Unlike bottled water, the cities test their water quality on a daily basis. Toronto tests water samples every four to six hours and checks for more than 300 potential chemical contaminants. The results of this monitoring are generally easily accessible to the public, often on city websites or on request.

In Canada, bottled water is not subject to the same guidelines because it is classified as a food and falls under the Food and Drugs Act. Aside from arsenic, lead and coliform bacteria, the act does not set limits on specific contaminants but says simply that food products cannot contain ‘poisonous or harmful substances’ and must be prepared in sanitary conditions.

​Bottled water producers insist they perform a comparable degree of testing on their water, as do municipalities, but the results do not have to be made public — although some companies post sample water quality analyses online. The Canadian Food Inspection Agency (CFIA) inspects and takes enforcement action “as required” if it becomes aware of a potential food safety hazard “via a complaint or other means.” There have been efforts to introduce stricter bottled water guidelines, but these have been stalled for years, largely leaving the industry to police itself.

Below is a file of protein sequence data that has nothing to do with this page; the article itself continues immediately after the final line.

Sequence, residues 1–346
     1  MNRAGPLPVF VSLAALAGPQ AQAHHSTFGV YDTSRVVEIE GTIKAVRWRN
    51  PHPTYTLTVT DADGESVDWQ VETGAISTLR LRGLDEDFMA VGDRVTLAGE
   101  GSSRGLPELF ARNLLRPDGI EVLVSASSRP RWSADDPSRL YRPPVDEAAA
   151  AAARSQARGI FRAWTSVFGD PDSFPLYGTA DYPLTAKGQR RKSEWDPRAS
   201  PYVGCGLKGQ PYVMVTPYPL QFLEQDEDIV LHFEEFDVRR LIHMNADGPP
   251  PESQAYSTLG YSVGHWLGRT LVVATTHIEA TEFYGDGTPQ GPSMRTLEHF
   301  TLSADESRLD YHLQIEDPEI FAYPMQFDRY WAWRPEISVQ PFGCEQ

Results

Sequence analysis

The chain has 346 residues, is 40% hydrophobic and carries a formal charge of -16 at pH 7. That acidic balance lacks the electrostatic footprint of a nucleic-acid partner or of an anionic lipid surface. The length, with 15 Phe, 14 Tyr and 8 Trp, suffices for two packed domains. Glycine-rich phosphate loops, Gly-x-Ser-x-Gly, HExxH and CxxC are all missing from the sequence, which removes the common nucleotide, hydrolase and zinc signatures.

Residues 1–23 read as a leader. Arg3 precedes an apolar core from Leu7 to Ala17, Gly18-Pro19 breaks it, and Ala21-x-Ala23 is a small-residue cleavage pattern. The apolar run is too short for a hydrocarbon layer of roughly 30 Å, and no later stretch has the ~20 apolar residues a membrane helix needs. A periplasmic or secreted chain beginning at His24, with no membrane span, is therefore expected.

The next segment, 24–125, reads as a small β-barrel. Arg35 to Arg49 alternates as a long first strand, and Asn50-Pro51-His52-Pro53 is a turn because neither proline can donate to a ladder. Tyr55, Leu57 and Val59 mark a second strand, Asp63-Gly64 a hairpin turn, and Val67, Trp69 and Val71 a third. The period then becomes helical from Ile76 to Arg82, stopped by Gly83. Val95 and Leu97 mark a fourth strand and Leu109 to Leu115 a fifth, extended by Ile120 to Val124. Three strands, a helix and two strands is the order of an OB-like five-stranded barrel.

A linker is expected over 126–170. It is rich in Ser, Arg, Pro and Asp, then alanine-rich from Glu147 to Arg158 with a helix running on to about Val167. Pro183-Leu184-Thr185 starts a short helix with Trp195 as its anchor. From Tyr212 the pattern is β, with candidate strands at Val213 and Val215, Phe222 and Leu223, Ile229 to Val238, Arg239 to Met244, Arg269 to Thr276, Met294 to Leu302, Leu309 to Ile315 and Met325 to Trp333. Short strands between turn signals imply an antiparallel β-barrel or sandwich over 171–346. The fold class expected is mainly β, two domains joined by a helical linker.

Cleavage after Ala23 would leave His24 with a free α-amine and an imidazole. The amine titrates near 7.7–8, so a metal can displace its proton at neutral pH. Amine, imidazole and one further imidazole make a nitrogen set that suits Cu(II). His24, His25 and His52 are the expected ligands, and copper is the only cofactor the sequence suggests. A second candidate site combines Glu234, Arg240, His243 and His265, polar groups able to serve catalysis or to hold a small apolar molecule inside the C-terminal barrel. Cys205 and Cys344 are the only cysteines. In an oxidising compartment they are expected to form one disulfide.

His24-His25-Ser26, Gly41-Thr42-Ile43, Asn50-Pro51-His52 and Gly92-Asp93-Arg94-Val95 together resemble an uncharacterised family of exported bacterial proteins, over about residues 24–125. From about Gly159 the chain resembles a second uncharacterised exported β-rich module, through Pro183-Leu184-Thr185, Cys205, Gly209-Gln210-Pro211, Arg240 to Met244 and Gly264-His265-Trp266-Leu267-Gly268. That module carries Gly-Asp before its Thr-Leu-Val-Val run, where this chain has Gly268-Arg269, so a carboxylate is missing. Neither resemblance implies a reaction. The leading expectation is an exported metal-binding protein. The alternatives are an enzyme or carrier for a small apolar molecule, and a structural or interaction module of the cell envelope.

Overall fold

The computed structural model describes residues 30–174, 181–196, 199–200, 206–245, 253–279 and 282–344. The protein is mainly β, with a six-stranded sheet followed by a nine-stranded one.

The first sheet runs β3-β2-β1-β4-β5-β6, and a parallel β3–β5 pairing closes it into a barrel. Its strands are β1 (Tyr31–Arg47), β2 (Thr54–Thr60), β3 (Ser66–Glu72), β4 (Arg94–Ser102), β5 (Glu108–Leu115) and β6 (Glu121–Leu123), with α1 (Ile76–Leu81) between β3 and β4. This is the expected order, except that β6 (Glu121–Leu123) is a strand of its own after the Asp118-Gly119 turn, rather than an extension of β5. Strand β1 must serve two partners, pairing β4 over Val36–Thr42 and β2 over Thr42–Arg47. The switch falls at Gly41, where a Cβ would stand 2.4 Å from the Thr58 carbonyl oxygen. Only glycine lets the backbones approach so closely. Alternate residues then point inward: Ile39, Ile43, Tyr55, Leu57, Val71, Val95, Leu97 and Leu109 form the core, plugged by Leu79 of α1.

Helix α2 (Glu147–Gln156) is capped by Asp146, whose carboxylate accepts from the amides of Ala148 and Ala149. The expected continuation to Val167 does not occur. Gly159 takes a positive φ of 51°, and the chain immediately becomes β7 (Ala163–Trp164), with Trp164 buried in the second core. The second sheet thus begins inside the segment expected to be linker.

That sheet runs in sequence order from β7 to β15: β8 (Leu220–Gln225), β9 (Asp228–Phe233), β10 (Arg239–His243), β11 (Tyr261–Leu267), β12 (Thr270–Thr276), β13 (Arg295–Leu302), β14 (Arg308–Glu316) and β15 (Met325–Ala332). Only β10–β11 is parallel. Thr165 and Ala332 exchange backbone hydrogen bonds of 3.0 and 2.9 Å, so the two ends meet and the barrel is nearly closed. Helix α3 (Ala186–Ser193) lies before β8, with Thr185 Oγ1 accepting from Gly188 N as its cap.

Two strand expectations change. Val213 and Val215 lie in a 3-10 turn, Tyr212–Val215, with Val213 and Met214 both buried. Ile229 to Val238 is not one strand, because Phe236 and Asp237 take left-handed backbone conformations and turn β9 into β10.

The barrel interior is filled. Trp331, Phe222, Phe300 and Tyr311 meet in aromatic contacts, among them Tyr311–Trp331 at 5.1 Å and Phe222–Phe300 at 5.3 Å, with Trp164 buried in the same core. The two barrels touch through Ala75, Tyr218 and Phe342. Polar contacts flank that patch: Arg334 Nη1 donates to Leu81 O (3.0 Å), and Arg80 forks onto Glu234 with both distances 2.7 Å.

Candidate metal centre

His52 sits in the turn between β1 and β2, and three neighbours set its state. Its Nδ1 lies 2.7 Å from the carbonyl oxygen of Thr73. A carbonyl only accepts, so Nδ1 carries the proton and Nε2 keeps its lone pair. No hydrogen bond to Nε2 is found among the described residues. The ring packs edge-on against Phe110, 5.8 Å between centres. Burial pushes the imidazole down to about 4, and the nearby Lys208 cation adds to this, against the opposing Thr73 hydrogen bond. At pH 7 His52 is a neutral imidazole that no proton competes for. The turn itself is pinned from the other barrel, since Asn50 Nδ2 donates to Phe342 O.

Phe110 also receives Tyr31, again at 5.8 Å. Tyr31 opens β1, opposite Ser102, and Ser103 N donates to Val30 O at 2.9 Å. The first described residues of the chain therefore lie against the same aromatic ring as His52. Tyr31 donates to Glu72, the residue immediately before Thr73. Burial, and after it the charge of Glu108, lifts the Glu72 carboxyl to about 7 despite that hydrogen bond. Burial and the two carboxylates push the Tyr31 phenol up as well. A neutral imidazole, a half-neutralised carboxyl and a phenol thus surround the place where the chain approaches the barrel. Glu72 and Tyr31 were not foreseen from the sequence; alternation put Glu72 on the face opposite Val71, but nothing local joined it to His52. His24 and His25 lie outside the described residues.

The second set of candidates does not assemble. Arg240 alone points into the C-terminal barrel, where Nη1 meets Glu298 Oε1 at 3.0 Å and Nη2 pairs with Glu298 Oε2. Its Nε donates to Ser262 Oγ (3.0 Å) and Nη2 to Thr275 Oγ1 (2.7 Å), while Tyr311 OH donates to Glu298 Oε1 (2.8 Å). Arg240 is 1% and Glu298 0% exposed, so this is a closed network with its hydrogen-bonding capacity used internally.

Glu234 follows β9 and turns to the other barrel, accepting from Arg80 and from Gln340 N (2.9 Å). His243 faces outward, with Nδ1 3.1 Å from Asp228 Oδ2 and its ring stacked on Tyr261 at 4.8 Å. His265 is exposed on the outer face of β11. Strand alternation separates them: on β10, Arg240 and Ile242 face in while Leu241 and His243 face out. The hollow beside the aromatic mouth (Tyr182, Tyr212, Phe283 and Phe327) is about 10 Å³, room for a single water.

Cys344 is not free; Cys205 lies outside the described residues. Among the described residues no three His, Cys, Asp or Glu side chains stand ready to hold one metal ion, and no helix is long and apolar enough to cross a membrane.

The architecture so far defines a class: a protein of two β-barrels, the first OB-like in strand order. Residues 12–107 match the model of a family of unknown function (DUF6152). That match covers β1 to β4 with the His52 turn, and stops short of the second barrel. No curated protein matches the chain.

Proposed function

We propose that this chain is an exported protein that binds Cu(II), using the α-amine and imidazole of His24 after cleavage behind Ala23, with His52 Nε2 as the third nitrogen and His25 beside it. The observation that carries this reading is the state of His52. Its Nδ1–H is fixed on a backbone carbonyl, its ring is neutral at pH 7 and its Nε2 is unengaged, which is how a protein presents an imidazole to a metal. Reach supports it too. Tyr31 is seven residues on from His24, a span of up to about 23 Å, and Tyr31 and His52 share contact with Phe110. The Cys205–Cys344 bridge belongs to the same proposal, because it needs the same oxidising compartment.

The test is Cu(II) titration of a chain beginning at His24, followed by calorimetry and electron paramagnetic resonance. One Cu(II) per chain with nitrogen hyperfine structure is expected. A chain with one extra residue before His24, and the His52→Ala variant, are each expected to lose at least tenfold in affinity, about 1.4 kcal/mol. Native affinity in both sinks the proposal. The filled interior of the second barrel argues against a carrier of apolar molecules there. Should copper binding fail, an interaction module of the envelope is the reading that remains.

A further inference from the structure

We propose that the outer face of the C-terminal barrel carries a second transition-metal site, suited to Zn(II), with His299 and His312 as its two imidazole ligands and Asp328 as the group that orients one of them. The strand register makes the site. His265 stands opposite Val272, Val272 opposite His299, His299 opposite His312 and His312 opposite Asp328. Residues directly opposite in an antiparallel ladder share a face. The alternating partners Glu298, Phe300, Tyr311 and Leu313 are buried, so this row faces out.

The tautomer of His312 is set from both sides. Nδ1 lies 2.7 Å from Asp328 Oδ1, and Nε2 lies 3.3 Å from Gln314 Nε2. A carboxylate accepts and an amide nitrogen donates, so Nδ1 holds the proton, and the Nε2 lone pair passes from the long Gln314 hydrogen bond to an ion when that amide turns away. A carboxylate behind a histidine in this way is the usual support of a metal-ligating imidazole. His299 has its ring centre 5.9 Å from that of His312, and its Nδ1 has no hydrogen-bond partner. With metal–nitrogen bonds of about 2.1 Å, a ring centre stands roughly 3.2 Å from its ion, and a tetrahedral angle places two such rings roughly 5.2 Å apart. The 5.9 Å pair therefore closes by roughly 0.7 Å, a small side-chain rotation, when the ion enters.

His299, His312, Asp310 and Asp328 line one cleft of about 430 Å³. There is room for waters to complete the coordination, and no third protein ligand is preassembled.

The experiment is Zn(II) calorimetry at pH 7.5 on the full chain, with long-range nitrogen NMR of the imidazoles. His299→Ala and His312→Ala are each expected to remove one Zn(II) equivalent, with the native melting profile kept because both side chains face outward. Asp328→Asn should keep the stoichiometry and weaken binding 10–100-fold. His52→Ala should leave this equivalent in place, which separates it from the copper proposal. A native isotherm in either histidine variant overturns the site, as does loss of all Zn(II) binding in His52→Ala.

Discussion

Coca-Cola​ and PepsiCo, two of the biggest manufacturers of bottled water, have come under fire in recent years for not revealing that popular brands like Dasani and Aquafina are essentially treated tap water. Bottled water labels in Canada do have to specify how the water was treated and whether it contains fluoride and must list any added ingredients. Mineral and spring water must specify the mineral salt content while water that has had the bulk of its minerals filtered out must be labelled “demineralised.”